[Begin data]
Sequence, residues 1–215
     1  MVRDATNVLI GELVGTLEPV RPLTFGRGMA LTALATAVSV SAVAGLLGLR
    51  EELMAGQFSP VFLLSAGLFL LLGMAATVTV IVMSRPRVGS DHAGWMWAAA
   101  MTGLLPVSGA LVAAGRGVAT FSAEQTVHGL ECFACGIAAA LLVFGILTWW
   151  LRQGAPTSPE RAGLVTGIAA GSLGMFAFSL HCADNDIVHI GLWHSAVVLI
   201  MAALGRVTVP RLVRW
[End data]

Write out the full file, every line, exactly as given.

Sequence, residues 1–215
     1  MVRDATNVLI GELVGTLEPV RPLTFGRGMA LTALATAVSV SAVAGLLGLR
    51  EELMAGQFSP VFLLSAGLFL LLGMAATVTV IVMSRPRVGS DHAGWMWAAA
   101  MTGLLPVSGA LVAAGRGVAT FSAEQTVHGL ECFACGIAAA LLVFGILTWW
   151  LRQGAPTSPE RAGLVTGIAA GSLGMFAFSL HCADNDIVHI GLWHSAVVLI
   201  MAALGRVTVP RLVRW